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"Free" Resources

Economists assert that we live in a world of scarcity. We have limited resources, and the cost of using them in one way is that we cannot use them in some other way. There are a few exceptions. Salt water is so abundant in the middle of the ocean that all uses of it can readily be met. Ice in Greenland is not scarce. Air is our most important free resource. Because we all get as much air as we want to breathe, air is not normally a scarce resource but a free one.

Sometimes resources appear to be free when they are in fact scarce. When scarce resources appear to be free, people do not take into account some effect that their actions have on other people. Because some part of the effect of their actions is "external" to the decision-maker, these cases are called externalities. Externalities can be positive, which means that there are by-products to a decision that benefit others; or they can be negative, which means that there are by-products that harm others. Public goods are an example of positive externality. The problems of the commons and pollution are examples of negative externalities. Because decisions involving externalities are based on faulty calculations of the complete costs and benefits, they generally are economically inefficient.

Two efficiency problems arise when scarce resources appear to be free. The first is that less may be produced than could be produced with a different pattern of resources use. The economy will, as a result, produce at a point inside of its production-possibilities frontier. The problem of the commons can have this result.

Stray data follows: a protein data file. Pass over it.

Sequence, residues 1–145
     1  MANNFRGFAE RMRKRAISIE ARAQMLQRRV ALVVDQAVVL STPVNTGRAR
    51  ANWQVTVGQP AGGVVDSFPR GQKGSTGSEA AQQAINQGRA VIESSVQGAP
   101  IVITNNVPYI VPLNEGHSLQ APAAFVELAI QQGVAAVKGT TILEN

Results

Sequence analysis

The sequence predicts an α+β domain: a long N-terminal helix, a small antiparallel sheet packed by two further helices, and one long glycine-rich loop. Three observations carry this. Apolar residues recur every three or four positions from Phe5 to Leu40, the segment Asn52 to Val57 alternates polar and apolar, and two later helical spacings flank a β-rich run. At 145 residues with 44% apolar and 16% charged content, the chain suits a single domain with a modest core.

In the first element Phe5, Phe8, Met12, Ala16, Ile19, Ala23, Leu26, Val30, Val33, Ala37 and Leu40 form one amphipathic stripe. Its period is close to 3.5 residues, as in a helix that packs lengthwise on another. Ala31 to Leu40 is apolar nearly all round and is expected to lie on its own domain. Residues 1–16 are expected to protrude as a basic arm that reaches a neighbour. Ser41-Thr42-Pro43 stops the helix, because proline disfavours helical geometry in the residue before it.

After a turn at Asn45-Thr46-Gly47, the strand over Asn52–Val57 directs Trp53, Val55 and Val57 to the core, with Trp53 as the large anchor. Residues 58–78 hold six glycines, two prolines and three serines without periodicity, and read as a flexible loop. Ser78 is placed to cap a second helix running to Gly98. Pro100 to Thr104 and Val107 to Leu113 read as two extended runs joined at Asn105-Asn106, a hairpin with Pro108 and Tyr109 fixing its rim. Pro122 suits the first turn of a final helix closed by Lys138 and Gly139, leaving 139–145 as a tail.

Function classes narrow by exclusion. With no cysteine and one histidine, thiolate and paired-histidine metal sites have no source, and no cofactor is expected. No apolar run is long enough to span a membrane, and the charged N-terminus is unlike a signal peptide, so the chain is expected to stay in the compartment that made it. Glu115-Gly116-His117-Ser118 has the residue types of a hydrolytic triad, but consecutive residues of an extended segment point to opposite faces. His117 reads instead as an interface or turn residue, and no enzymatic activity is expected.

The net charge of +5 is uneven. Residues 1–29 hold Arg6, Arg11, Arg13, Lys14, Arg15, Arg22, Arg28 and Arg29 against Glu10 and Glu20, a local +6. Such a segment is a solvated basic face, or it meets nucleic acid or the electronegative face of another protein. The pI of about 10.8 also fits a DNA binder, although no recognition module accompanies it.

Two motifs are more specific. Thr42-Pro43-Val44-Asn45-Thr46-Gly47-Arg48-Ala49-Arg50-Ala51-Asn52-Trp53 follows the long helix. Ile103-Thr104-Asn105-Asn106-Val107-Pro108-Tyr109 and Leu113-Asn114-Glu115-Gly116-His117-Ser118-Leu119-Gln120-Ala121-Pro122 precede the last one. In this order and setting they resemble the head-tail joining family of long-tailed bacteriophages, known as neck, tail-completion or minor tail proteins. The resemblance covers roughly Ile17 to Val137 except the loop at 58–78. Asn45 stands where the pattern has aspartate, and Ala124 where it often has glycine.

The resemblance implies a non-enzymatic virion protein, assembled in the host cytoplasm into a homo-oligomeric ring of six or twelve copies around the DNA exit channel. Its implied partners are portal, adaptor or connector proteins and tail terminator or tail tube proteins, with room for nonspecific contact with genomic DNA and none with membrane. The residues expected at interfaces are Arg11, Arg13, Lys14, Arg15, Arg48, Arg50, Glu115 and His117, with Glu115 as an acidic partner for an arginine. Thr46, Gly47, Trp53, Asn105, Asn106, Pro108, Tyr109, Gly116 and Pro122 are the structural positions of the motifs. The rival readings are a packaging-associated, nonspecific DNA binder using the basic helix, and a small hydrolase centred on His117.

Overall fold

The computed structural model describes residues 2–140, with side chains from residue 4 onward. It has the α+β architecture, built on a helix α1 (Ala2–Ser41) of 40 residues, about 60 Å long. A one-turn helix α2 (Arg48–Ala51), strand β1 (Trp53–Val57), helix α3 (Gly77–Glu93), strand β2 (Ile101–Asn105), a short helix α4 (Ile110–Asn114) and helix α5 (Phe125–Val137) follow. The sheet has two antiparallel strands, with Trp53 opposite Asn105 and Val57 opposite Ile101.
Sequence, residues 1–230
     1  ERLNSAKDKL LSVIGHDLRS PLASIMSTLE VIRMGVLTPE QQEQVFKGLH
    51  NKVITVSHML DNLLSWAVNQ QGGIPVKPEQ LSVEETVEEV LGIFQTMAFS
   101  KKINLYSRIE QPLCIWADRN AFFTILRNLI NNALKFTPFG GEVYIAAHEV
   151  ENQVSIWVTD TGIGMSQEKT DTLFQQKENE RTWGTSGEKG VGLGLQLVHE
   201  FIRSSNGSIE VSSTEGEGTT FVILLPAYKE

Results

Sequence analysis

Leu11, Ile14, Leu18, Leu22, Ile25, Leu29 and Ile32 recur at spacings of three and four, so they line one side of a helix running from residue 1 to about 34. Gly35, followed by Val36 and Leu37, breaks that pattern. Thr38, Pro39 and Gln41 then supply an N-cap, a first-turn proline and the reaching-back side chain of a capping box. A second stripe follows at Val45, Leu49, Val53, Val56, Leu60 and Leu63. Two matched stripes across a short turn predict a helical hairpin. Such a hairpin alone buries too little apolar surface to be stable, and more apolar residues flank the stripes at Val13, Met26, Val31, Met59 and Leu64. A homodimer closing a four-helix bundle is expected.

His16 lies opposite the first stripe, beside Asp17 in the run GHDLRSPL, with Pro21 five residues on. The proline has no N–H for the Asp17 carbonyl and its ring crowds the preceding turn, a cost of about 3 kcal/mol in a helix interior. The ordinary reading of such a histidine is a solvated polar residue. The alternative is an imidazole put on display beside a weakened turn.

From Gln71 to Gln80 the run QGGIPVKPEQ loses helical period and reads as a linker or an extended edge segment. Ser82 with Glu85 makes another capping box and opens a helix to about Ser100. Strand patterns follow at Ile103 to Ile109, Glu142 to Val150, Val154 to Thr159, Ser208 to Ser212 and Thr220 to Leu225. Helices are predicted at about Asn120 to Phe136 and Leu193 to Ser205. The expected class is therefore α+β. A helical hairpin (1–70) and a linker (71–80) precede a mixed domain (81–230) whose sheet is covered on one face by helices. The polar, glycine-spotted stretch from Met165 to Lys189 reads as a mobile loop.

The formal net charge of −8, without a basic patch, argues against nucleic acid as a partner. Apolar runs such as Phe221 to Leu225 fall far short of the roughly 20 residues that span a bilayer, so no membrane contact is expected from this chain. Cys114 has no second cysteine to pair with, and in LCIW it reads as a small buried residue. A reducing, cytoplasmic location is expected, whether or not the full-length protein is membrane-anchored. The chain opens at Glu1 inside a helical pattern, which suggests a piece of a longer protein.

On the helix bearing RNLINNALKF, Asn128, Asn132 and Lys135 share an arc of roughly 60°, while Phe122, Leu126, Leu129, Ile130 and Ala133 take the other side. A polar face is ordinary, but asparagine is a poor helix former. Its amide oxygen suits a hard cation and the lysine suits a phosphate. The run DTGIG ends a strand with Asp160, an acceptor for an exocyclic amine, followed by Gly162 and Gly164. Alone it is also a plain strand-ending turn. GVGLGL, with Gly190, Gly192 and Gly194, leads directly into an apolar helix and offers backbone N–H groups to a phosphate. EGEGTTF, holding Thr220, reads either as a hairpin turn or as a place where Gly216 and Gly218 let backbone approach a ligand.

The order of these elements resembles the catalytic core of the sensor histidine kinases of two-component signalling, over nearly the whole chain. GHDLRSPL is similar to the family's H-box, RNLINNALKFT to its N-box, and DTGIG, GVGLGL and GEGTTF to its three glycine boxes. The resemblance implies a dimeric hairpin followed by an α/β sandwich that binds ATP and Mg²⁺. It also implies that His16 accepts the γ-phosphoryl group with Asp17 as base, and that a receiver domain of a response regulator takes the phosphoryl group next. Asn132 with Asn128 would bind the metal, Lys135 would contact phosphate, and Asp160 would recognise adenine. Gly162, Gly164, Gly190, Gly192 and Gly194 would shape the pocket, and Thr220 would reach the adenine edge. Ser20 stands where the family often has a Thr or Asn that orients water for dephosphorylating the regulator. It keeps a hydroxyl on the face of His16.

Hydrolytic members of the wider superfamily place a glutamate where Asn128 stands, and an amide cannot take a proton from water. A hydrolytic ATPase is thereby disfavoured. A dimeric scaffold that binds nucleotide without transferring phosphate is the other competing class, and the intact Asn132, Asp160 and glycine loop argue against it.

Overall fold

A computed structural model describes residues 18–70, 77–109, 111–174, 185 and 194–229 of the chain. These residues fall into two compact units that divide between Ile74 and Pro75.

For example, consider Fantastic Fishing Grounds, which are open to all. Suppose that the table below shows how the "production" of fish depends on the number of fishing boats using Fantastic Fishing Grounds. If a boat goes to other areas where no one else is fishing, it can "produce" 20 tons of fish. John Smith is a boat owner, and he must decide whether or not to go to Fantastic Fishing Grounds. If there are already seven boats there, he will find that it is in his interests to go there, too. His choice is between a catch of 20 tons elsewhere or 33 tons at Fantastic Fishing Grounds. But from the point of view of society, this is a poor decision. Adding the eighth boat to Fantastic Fishing Grounds adds only twelve tons of fish to the total catch, whereas sending the boat elsewhere would add 20. The decision to go to Fantastic Fishing Grounds looks good to John Smith because he does not take into account the lost "production" that his decision causes other fishing boats.

The Fantastic Fishing Grounds
# of Boats
Total Catch
Average Catch
Marginal Catch
200 tons
40 tons
28 tons

Next we look at a second efficiency problem that arises with scarce resources that are perceived to be free.

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Copyright Robert Schenk